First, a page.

When I was a teenager, I was moved when I heard a Communion chant: “Whoever is seeking God and cannot see how close he is, he should open his eyes if he can. He will hear him speak. Listen, my friend, if you will, to what I am going to tell you — where I have found him always, whenever I begin to doubt.” The song explains how God can be found in the peaceful dawn, in a wheat field, in the breeze that mingles with our tears, as well as in a grateful friend.
In our tireless striving to find the truth and reach the transcendent, if we open the eyes of our heart, we are able to perceive God’s presence through his creation. Human beings have a capacity for God.
Without a doubt, a stubborn truth-seeker was St. Augustine. He was famous for seeking the truth within himself. St. Augustine’s interiorization exercises were profound, nourished by a large dose of discernment and reflection.
Augustine, seeking the truth in his interior, at the same time confesses: God is the truth. God is therefore found in our interior. God is the beginning and the end of life.
It is, in fact, deep within us where we can achieve the deepest encounters with God. The intimacy of our heart, robed by the stillness of our soul, can lead us to the intimacy with our Father, our creator; his Son, our redeemer; and the Holy Spirit, who sanctifies us. Think of that sublime moment after receiving Communion when we enjoy the silence and feel deep inside us the presence of Jesus in the Eucharist, experiencing what the psalmist promised: “Taste and see that the Lord is good” (Psalm 34:9).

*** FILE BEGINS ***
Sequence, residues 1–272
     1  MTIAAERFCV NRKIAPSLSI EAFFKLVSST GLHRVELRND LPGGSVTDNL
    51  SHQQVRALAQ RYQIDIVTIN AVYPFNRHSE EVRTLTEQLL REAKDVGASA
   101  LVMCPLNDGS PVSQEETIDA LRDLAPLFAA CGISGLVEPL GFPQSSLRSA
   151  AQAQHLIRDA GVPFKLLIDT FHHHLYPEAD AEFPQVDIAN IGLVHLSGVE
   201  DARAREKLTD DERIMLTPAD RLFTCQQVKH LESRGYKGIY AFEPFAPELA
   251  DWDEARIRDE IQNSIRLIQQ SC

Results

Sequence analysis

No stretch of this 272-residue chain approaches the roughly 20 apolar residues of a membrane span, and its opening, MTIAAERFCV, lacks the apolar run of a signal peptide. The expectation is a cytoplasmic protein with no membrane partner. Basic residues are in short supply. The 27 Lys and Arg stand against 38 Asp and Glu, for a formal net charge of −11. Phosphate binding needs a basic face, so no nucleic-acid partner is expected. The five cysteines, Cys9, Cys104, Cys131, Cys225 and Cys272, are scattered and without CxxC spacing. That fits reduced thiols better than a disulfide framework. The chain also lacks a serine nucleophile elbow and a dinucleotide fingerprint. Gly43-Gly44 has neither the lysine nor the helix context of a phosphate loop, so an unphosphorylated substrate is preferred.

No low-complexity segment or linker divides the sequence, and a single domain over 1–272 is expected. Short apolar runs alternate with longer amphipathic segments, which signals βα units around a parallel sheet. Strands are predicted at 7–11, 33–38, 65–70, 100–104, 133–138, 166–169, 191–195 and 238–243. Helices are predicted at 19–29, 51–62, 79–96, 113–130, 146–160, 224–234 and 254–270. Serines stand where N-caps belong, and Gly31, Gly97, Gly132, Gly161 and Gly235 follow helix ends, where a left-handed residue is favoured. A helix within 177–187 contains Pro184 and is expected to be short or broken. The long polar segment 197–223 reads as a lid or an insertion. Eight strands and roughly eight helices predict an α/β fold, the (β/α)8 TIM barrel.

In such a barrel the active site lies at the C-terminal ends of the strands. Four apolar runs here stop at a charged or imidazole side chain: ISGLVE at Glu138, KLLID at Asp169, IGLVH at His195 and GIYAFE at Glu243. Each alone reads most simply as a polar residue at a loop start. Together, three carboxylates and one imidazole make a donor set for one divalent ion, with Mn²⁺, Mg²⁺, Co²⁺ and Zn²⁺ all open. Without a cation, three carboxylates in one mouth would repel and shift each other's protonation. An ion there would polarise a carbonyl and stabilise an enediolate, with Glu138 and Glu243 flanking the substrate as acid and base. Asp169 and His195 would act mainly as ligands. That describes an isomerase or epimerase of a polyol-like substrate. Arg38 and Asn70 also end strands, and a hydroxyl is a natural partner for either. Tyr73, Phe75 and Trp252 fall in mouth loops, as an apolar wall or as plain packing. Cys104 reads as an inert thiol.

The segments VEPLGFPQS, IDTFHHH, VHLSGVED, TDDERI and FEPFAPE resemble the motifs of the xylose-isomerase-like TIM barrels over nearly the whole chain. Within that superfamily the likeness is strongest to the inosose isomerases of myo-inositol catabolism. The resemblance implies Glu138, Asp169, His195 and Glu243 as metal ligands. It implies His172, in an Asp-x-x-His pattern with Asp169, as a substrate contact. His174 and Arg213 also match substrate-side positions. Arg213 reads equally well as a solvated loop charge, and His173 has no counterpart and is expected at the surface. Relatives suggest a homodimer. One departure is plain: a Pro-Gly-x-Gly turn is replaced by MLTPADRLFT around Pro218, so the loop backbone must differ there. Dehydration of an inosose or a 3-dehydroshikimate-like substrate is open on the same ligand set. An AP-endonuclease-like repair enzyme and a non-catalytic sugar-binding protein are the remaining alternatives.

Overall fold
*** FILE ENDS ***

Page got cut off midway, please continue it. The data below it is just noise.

Sadly, many are not daring enough to journey within themselves, and thus they miss the chance to meet God in the depths of their being. For some, this is due to lack of practice. Others don’t want to spend the time, as it requires steadiness and quietness, and today everything is expected instantaneously.
But many more don’t do it because they are afraid. They refuse to journey inside because they know they will inevitably meet themselves. They are terrified by the idea of facing themselves and their weakness, their misery, their vice, their selfishness, their trespasses against others and their sins. It is easier to pretend these don’t exist, so it is more comfortable to stay outside of oneself.
But we must undertake this journey, even if it can be painful, because when we reach the depths, we will meet God, who is all love and who will be able to redeem us from everything that hurts us and makes us feel ashamed.
Let us then go into our inner room, close the door, and meet with our Father in secret (Matthew 6:6).
Be passionate about our faith!
Northwest Catholic - July/August 2020